Excess Recordkeeping Fees:  The court starts its analysis of the excess recordkeeping fee claims by noting that the defense faults the plaintiffs’ “attempt to reverse-engineer [the Plan’s recordkeeping] fees using the Plan’s Form 5500s.”  The defense provided evidence from participant account statements that they paid no recordkeeping fees while they were active employees.  The defense further argued that Plaintiffs should have subtracted the plan forfeiture amounts, which was applied to reduced plan administration costs.  The court nevertheless refused to consider any of the defense evidence showing lower recordkeeping fees than alleged in the complaint, holding that it is not appropriate to consider this type of factual attack on a rule 12b6 motion to dismiss.  The defense was therefore not allowed to show on a motion to dismiss that plan participants paid no plan administration fees while they were active employees.

Nevertheless, the court recommended dismissal of the recordkeeping fees because the court found the comparisons to eleven other random plans “utterly inapt”:  the flaw was that plaintiffs compared the average fee paid by the plan over a five-year span to the fees paid by the comparator plan for just one selected year.  Importantly, the plan’s single-year fee for the year 2020 of $33 per participant “was on par with the fees paid by the comparator plans for the given year (ranging from $23 per participant to $34 per participant).”  “Indeed, the Plan’s 2020 fee was actually lower than the fees paid by two of the Plaintiff’s selected comparator plans.”

Imprudent Investment FeesThe court began with the test to establish a claim of investment underperformance:  “to plausibly establish a claim for breach of the duty to monitor, a plaintiff must allege facts plausibly establishing that no reasonable fiduciary would have maintained the investment.”  This key test often gets lost in investment imprudence cases, but should be the basis to dismiss most claims.  The court found it dispositive that “Plaintiffs never actually allege that the Index Suite outperformed the Active Suite.”  Instead, plaintiffs compare the active suites’ expense ratio, level of risk incurred, and amount of investment inflow/outflow with that of the index suit.  The court held that these comparisons fail to “plausibly establish that no reasonable fiduciary would have maintained the active suite in the face of the index suite.”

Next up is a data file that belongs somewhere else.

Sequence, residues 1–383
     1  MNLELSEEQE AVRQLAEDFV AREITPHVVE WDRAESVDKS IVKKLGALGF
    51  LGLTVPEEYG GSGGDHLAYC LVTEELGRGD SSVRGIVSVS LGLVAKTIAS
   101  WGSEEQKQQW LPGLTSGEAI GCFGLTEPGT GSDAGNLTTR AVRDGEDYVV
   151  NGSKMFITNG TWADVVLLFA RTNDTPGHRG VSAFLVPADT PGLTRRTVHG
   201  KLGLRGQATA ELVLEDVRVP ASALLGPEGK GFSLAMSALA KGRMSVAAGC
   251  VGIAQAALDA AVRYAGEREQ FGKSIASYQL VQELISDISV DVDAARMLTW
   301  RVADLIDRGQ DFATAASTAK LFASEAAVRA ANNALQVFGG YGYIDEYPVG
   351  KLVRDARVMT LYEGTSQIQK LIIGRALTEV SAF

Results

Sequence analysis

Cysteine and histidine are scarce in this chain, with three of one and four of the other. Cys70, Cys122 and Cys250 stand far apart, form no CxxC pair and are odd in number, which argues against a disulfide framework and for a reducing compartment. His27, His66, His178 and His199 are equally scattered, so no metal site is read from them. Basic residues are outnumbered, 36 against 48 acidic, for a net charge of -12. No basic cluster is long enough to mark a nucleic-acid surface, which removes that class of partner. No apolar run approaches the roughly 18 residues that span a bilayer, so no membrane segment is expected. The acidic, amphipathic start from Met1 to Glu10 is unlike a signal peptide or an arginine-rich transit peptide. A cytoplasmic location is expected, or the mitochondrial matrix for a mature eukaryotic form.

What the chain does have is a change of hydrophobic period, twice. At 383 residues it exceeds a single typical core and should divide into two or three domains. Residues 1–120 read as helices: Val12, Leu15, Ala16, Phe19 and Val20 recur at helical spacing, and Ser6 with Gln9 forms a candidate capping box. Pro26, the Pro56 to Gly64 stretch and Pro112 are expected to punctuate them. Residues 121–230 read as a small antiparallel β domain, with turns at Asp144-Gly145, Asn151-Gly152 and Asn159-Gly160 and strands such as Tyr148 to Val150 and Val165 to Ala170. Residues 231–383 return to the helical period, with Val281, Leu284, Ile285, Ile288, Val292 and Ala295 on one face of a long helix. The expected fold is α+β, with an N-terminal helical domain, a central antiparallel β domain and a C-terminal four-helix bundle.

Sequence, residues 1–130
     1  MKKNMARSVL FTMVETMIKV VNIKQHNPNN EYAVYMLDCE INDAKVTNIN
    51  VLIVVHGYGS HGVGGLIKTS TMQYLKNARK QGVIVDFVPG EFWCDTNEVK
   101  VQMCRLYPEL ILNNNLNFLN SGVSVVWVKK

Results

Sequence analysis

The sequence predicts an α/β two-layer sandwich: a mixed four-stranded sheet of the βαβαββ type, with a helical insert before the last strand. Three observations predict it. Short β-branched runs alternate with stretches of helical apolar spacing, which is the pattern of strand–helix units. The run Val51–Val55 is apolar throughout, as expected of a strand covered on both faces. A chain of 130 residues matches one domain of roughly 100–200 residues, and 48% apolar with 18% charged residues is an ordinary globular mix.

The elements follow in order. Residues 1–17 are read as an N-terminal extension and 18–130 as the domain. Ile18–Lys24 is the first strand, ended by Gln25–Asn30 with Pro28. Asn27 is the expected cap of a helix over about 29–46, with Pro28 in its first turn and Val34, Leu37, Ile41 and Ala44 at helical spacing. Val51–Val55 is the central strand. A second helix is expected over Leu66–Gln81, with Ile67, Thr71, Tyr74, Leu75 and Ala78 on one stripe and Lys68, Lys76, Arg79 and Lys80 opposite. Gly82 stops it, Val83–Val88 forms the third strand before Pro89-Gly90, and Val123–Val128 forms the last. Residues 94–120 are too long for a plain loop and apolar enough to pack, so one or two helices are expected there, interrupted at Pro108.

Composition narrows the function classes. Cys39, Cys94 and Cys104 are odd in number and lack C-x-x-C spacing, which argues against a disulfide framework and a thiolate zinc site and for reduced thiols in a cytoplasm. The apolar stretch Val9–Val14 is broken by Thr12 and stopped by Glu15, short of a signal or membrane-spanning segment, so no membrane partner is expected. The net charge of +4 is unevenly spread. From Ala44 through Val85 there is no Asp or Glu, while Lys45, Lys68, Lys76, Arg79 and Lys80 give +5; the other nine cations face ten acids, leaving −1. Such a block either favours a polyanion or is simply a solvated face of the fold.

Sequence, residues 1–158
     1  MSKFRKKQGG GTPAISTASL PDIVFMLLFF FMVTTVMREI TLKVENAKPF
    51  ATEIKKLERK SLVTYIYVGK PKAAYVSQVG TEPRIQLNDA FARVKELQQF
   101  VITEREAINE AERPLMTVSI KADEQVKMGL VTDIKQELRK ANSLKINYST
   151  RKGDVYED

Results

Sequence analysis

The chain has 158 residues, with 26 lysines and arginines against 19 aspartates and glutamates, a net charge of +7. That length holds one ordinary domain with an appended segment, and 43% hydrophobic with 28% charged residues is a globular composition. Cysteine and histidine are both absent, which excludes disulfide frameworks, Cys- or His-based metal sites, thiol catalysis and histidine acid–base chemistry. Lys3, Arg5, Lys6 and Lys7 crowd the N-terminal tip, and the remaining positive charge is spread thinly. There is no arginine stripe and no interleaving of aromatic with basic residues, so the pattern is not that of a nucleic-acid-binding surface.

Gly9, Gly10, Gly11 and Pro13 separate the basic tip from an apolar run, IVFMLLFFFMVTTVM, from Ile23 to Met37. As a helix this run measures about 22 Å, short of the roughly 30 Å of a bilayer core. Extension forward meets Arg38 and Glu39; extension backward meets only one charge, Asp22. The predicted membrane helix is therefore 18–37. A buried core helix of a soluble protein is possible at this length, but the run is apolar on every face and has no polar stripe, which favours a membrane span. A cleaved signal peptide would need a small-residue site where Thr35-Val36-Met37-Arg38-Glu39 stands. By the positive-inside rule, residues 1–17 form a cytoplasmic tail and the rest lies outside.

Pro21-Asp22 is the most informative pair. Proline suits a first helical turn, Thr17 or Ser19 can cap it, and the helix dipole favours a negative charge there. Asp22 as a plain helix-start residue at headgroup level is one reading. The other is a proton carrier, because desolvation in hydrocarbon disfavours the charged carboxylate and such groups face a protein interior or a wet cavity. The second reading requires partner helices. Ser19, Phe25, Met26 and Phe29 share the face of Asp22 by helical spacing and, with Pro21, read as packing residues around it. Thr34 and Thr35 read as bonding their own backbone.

That court continued that “this omission largely negates Plaintiffs proffered comparisons between the Suites.  Investors would be wise to pay a high expense ratio if the added services provide long-term value to their accounts.”  Moreover, the court held that you cannot challenge an active fund because it has a higher risk:  “To permit a claim of imprudence because the Active Suite pursued its goal by taking on risk would seemingly imperil every actively managed fund in every plan.”  But, “[i]t’s possible, indeed likely, that the absence of any actively managed funds suited for risk-tolerant investors would be imprudent.”  (citing to Smith v. CommonSpirit).  According to the opinion, active funds are an appropriate tool, especially when the plan offers other passive investments.

We note that this is the first time we have seen a court attempt to place an active fund into the context of the overall investment portfolio since the Hughes v. Northwestern Supreme Court decision rejected a participant-choice theory that an imprudent investment option is not somehow justified if participants have access to prudent, low-cost index funds.  We were worried about the long-term implications of this decision.  But this shows that you can still justify an active fund in the context of the diversified investment options of active and passive funds in a plan.

The court also rejected the other arguments against the Fidelity Freedom funds.  The court rejected the argument that investors had “lost faith” in Fidelity Freedom funds because it only represents three percent of the fund.  Plaintiffs had relied on a Morningstar report in their complaint to support their investor withdrawal claims, and the court held that it could consider the entirety of the report.  This was useful, because the report proves that the active suite outperformed the index suite:  “[d]espite an average fee advantage of 50 basis points, the [Index Suite] lagged the [Active Suite] by roughly 38 basis points annually, on average, since the [Index Suite’s] 2009 inception through 2018.”  The Morningstar Report goes on to rank the Active Suite higher than the Index Suite.